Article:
Downward Counterfactual – In Pricing

If we had not reduced our prices our customers would have switched to our competitors.

Or more generally, ” If we had not taken action X, it would have been much worse.”

Counterfactual thinking is more common than you think, in business and everyday scenarios. We always want to look on the bright side, to talk about how worse things would have been. A variation of this more prevalent in business situations but goes unnoticed, it is the equivalent of drawing the target after shooting the arrow.  It usually occurs in post-game analysis, when you find many new benefits that were shown because of the action taken and would not have occurred if not for the action. For example,

“Our price reduction enabled better relations with our channel partners” or

“Our price reduction enabled us find bugs in our coupon redemption software”

The new benefits may be real or perceived  but helps the proponent to not only see things on the bright side but also claim victory. But most of the time it is about deflecting criticism of poor or bad results in the rest of the areas. In this example of price reduction, the lost profit and the absence of promised increase in sales. The proponents shift the discussion to these new benefits stating as if it had always been the plan.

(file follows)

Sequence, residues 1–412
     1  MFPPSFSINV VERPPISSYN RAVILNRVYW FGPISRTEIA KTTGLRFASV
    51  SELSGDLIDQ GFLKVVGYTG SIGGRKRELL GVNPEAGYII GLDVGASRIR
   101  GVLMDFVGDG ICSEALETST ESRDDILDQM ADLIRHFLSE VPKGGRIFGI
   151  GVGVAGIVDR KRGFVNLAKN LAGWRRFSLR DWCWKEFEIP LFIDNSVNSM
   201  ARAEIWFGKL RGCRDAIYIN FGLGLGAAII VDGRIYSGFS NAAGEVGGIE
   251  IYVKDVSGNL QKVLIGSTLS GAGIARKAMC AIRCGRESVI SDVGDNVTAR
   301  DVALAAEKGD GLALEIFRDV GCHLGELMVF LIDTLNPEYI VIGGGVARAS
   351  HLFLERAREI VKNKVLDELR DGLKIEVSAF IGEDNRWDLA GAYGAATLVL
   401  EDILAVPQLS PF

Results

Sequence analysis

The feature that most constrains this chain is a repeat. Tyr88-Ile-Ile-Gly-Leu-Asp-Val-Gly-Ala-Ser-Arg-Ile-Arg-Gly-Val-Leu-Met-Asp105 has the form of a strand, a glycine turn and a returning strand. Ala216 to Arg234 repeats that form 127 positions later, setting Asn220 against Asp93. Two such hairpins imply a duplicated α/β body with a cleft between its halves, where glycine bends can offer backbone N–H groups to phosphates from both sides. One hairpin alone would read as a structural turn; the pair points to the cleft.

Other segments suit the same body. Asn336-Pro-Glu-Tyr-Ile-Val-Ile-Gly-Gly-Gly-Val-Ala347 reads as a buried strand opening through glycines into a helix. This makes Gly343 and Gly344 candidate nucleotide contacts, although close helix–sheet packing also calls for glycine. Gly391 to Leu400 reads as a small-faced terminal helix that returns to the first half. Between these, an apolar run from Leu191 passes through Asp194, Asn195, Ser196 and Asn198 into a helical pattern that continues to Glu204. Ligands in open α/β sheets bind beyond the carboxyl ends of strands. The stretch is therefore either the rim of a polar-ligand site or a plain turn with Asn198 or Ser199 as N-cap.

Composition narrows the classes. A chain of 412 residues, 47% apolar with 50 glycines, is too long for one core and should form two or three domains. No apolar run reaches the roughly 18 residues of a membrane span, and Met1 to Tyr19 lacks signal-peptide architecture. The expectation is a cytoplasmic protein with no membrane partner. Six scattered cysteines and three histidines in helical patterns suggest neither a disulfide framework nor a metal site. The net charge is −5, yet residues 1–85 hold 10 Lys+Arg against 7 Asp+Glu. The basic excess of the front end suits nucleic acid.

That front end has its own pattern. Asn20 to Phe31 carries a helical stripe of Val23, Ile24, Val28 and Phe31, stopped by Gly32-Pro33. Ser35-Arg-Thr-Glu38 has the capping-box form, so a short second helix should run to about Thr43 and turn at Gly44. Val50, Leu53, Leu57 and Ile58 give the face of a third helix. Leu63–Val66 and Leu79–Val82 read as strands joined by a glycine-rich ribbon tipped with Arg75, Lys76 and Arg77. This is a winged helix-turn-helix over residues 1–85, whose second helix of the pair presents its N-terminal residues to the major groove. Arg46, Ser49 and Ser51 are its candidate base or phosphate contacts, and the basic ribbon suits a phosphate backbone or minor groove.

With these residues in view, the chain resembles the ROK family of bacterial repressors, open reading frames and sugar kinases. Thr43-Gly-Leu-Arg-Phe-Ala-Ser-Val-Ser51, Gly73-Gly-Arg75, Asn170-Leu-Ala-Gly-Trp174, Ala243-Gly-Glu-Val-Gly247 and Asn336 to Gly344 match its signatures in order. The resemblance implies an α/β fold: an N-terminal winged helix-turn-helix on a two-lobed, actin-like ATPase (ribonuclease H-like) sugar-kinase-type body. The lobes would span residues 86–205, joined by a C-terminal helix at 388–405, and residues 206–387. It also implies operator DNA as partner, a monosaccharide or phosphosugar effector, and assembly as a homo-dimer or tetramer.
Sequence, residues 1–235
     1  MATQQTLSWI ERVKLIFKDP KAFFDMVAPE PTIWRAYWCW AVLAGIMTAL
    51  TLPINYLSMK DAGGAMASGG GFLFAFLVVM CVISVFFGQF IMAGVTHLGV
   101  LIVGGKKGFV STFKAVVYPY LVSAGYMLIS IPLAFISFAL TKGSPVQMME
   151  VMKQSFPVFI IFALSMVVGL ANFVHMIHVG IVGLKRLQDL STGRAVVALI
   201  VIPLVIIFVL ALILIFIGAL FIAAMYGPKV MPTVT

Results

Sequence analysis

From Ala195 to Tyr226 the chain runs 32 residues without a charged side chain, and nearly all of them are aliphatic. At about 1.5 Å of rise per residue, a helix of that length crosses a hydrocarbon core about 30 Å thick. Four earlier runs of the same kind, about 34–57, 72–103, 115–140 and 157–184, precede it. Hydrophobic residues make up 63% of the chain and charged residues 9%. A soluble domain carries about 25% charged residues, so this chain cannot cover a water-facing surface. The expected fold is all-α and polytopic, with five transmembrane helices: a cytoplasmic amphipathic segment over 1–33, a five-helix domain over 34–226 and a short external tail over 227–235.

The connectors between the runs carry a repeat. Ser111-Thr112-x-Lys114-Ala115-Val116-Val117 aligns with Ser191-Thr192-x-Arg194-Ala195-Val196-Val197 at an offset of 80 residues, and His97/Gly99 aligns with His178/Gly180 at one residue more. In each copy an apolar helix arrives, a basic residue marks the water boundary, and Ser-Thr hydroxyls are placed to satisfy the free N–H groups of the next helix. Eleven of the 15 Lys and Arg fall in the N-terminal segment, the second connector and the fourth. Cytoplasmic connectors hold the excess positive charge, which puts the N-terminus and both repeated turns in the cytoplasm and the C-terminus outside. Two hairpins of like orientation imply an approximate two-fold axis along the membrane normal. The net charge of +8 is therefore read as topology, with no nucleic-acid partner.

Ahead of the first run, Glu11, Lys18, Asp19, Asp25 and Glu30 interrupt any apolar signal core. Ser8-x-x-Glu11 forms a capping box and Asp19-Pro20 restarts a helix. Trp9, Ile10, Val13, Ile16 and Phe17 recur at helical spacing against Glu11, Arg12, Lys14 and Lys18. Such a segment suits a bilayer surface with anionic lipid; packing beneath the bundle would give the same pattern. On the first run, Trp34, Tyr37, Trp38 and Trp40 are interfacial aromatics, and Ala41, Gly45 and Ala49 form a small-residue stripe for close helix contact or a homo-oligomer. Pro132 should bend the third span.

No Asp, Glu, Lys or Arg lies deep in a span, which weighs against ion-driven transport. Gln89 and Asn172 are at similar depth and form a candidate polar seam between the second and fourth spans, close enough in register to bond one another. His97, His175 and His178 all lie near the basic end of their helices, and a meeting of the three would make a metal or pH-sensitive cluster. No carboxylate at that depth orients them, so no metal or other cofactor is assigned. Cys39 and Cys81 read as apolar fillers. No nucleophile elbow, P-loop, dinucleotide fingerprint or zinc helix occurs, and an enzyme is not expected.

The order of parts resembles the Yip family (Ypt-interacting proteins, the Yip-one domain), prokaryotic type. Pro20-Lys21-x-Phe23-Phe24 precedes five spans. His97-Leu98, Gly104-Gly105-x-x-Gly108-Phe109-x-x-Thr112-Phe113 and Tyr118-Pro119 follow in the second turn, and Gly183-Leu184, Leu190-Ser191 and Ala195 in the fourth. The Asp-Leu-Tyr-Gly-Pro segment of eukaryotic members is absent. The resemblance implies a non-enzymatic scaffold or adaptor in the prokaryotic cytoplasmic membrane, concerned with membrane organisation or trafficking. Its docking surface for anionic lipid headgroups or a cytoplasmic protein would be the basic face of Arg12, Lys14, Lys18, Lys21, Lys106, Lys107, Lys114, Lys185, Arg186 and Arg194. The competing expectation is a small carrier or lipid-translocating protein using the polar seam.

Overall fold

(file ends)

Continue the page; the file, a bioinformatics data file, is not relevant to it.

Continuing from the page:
How do you, as marketer, protect yourself from falling into the trap? By clearly stating the goals  and metrics before you take any action and post action by focusing  the analysis on the performance on these goals. It is not to say all the new benefits are worthless, improved channel partner relations are important to a marketer. But the question to ask is

“Would you have done the price reduction when the only stated goal is to improve channel partner relations? Were these enough to justify the investment?”

Would you have invested in  project X if the only stated return is all the secondary and tertiary benefits that you are finding after the fact? Would you even be looking for these new benefits if you had met or exceeded performance on stated goals?

If the answer is no to any or all these question, then you are coming up with  downward counterfactual arguments.

Before you reduce prices, understand the reasons you are doing it and after the price reduction be aware of counterfactual  explanations.